I went home, took all the polos out of my closet and stuffed them in a bag. But that didn’t seem to be enough. They could have insidiously stolen my soul.

It began as a taunt, a threat. “I should punk them out.” As if doing that would show them, pay them back for all the hurt. After a whole lot of talk and bravado, I finally sat down and punked out my first polo. Mama G.It was a little scary at first, almost like I expected the country club police to swoop down and arrest me. But there was also something so satisfying about putting skulls on the shirts, not to mention actually cutting the fabric and stomping on it twice with a big boot. “Inception” was thus born – P.O.P 0.5. The response to that little shirt from family and friends was great – and my mind raced with possibilities. I went online and searched around, and found there was nothing like this anywhere. Either everyone knew something I didn’t, or I had found something truly original. Odds are, both statements were true, but I went for the latter.

Mama G.Then suddenly my show of 7 ½ years was canceled. Time for something else. Naturally I jumped into TV development, like most of the people on my block and in my city, but I needed something else. Something totally different in every way. Something not so dependent on others. I liked the idea of spending time making things that hopefully I could sell, but if not still could give away as gifts or just wear myself.

I loved what I was doing, but kept wondering “Am I crazy?” I had never ever even remotely considered myself either an “artist” (no talent) or, God forbid, a “fashion designer” (major Mommy issues). I realized that yes, I probably was crazy, but that was irrelevant in this situation.

Most art is done on a neutral (blank white board) or even positive (marble) canvas. Punked Out Polos are done on a negative one. To me polo shirts are an elitist symbol, with all the smug entitlement, soul-less superficiality, and unrelenting conformity that entails. They bring up a visceral wave of hurt and anger; countless incidents of rejection, injustice and cruelty distilled and honed over the years into a fine point aimed at country club clothing.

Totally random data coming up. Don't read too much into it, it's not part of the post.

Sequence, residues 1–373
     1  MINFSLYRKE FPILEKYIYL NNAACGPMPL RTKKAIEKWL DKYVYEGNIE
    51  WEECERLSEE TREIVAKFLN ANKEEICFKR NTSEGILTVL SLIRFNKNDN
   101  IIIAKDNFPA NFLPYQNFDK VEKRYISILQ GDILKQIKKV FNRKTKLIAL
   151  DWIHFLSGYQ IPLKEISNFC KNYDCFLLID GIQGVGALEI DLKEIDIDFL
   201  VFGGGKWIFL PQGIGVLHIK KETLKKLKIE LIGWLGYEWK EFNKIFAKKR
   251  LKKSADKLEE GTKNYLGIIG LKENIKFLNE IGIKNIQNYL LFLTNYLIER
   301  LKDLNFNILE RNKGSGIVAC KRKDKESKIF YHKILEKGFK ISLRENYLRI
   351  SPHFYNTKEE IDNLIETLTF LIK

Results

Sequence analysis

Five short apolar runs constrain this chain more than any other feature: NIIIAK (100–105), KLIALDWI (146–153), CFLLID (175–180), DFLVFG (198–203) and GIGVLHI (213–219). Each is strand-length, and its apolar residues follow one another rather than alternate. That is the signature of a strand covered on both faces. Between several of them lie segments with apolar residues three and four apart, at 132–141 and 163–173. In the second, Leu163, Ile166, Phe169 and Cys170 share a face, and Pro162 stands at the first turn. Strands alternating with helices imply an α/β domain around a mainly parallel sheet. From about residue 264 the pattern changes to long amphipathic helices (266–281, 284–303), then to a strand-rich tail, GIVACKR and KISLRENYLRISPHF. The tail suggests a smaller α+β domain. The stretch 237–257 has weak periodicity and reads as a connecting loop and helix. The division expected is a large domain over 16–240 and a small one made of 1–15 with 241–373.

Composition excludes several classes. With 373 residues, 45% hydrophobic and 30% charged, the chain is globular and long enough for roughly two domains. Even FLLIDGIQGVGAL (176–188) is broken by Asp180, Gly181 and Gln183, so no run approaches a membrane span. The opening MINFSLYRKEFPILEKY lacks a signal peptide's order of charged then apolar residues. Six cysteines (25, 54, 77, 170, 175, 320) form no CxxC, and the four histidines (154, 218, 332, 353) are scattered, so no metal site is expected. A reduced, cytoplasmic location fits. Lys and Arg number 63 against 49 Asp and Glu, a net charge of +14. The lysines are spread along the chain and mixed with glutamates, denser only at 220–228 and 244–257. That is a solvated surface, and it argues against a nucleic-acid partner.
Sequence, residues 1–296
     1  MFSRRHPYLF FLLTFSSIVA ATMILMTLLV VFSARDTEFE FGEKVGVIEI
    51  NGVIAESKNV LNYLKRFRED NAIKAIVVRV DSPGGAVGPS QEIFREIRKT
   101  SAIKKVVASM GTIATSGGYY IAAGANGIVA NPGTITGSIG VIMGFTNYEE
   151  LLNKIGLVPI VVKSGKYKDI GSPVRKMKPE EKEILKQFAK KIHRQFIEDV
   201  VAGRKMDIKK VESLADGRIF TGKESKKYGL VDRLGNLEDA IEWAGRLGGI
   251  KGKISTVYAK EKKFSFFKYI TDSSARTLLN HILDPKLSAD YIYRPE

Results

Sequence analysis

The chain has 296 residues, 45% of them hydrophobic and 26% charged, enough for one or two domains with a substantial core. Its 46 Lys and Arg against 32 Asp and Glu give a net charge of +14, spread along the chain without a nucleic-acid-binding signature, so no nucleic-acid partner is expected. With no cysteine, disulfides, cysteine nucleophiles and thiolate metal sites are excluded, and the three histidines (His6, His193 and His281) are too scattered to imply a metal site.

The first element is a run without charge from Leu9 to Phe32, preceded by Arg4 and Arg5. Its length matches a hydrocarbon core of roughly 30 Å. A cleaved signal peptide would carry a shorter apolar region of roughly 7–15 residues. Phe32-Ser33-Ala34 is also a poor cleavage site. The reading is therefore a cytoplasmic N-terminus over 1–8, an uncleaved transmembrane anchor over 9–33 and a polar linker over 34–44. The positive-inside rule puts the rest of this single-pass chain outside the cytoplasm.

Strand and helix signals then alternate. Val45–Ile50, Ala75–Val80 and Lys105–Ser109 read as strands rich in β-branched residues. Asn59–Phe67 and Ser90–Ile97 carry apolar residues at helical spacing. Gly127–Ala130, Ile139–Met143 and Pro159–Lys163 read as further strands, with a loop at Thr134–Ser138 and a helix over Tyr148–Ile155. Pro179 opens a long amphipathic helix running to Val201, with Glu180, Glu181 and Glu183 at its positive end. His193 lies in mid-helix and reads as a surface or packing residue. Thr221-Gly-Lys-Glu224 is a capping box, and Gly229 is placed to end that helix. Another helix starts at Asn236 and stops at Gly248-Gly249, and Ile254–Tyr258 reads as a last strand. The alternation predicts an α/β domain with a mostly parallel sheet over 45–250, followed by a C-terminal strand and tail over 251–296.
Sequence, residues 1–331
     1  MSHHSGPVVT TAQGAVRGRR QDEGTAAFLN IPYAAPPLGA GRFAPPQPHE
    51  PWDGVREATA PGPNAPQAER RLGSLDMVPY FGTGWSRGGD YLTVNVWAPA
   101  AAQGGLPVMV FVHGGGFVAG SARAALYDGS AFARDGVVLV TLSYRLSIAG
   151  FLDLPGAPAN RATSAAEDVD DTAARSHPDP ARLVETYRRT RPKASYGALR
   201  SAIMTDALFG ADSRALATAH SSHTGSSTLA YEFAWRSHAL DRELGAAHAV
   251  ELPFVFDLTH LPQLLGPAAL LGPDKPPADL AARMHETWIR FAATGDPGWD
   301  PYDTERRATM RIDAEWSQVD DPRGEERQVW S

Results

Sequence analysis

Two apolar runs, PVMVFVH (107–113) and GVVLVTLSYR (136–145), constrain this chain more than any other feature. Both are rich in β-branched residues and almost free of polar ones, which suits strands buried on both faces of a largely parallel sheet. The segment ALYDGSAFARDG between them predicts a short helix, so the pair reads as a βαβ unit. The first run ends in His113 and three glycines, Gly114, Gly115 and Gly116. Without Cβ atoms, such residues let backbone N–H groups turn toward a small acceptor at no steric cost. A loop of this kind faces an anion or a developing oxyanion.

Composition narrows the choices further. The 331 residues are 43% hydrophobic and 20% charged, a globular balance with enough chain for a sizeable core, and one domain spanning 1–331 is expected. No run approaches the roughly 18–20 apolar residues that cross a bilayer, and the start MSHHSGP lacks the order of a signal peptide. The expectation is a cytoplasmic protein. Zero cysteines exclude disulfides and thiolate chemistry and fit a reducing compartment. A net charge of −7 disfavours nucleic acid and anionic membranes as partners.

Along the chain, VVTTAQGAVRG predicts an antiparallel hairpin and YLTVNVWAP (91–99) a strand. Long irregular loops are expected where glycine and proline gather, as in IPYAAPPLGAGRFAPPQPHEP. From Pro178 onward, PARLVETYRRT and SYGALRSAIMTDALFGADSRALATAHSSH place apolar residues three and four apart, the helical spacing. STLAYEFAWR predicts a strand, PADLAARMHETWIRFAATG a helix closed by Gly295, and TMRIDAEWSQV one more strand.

I feel a thrill every time I work on a polo shirt. Every cut, every patch, every paint stroke, every stitch, not only satisfies the primal need to hit back, but also, more importantly, becomes part of the exciting, surprising, creative ritual that transforms that horrible symbol into something raw, honest, authentic, unique and beautiful. It makes me feel that just maybe it’s true that art can save the world.


1. Even the cheapest wholesale polo shirt costs more than twice as much as a comparable T-shirt. Why?

a. The fabric is heavier and better quality.
b. The construction of the shirts is better.
c. The tailoring of the shirts is better.

Bottom line – They fit better, they look better, they wear better.


People have called me “G” for years. It wasn’t a nickname I particularly liked or encouraged. It was just the first syllable of my 4-letter, 2-syllable name, and it felt like they were just too lazy to say the last syllable. Then one day one of my staff called me “Mama G” and it felt right. I had recently been to Tanzania where “Mama” is term of a great respect, and so I felt honored. I saw Mama G as a wonderful nom d’arte, a name to grow into, a reminder to work to earn the respect and wisdom that the title implies.